A TV spot, the first to show the new plastic bottle for brand Coke in China, features two of the U.S. beverage giant's stars in China, track-and-field Olympic champion Liu Xiang and Taiwanese pop star Pan Weibo. The two playfully fight over who gets the last Coke in a refrigerator, with Mr. Pan even chasing after the hurdler on a running track. Finally, Mr. Liu slips onto a bus just before the doors close, and he gets the Coke--but Mr. Pan, now on his own, meets a pretty girl drinking a Coke, ultimately besting the Chinese star athlete.
The spot debuted this week on 248 TV channels run by 60 major stations, and builds on the U.S. beverage giant’s “Go your own way for shuang" theme, a Coke effort to inspire Chinese teenagers and young adults to pursue their individual goals. The Chinese word shuang means thirst-quenching and refreshing as well as inspirational for young adults.
Mr. Liu's sponsorship by multiple brands including Nike, Visa, China Mobile and Inner Mongolia Yili Co., a major Chinese dairy, has Olympic-watchers wondering if the charismatic athlete is becoming overexposed. But local sports stars remain popular among young Chinese. According to an ongoing study among 15-to-35-year-olds in key Chinese cities like Beijing, Guangzhou and Shanghai by ad agency Bartle Bogle Hegarty and Jigsaw, a research company in Shanghai, Mr. Xiang’s popularity almost doubled last year, from 16% to 28%.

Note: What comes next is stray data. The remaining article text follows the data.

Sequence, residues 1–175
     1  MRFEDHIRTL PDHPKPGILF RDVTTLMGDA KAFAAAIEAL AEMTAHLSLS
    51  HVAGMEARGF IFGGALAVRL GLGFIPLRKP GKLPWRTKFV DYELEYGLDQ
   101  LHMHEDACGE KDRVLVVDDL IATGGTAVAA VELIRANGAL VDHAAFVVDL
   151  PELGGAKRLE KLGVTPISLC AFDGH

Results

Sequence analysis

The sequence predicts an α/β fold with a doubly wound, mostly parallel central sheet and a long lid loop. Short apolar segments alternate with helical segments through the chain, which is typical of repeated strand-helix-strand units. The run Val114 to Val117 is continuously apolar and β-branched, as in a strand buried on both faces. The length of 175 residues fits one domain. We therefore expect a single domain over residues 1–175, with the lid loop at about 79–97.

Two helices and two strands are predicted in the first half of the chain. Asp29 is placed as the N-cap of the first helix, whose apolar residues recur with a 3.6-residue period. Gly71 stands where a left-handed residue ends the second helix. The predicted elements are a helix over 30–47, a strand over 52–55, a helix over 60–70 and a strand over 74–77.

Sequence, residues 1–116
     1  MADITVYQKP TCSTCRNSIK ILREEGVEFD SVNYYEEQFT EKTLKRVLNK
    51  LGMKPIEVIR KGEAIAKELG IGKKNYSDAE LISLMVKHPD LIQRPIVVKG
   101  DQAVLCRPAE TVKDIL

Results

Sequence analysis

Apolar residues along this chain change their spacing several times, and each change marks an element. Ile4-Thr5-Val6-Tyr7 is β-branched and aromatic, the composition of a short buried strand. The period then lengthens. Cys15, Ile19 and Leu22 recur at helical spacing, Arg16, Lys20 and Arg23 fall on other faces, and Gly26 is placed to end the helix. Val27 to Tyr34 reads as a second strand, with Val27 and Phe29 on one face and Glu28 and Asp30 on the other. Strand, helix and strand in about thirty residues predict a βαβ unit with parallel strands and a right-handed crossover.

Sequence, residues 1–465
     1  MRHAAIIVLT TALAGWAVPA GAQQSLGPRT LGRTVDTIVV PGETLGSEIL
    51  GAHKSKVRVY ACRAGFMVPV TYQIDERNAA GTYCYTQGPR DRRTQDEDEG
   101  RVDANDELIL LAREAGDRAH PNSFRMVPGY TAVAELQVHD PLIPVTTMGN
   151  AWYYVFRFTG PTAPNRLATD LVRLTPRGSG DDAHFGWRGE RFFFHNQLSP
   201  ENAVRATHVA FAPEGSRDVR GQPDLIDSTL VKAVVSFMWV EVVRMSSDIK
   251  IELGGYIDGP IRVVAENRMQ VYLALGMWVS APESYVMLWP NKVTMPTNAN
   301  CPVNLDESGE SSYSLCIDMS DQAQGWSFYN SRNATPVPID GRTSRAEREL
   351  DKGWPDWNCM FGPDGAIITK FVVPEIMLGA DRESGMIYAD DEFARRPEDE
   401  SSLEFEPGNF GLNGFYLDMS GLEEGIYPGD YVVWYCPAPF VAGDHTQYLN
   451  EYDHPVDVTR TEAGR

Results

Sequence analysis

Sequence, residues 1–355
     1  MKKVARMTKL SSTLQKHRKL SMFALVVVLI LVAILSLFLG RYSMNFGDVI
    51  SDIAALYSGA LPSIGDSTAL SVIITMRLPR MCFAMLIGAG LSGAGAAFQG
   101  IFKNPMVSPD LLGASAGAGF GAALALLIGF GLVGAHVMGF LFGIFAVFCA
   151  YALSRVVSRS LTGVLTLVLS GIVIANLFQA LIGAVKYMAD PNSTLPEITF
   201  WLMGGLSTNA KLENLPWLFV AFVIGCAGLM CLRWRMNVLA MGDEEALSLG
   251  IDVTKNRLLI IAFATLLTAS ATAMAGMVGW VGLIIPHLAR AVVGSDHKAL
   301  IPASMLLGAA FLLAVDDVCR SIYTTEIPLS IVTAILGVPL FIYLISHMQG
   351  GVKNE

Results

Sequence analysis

By comparison, popularity for the National Basketball Association’s Michael Jordan hovered at 10% over the course of 2006, while support for global soccer star David Beckham remained static at 5%.
The campaign is also running online on the company's iCoke.cn site. The site features digital content such as a flash movie with branded content, games and virtual items. In a co-promotion with QQ.com, China’s largest instant messaging provider with 100 million users, iCoke members can upgrade to that web site's animation "Fancy QQ Show," by spending iCoke points collected through Coke products.
The specialist agency Red Lounge was established last fall to handle marketing for the Coke brand, particularly campaigns related to the 2008 Olympic Games in Beijing, of which Coke is a global sponsor. Red Lounge includes members of Coke’s marketing department as well as executives from several agency partners such as Publicis Groupe's Leo Burnett and Starcom divisions, Aegis Group's interactive division in China, Wwwins, and Heartland, an independent outdoor media company.
Earlier this month, Coca-Cola consolidated the $10 million digital marketing business for all of its brands in China, including non-carbonated beverages, with Wwwins, following a four-way pitch against WPP Group's Neo@Ogilvy and MindShare divisions and Japan's Dentsu.
The creation of Red Lounge was one of the final acts in China by Ilan Sobel, who left his Shanghai-based position as general manager, strategic marketing & innovation earlier this year. His successor has not been named.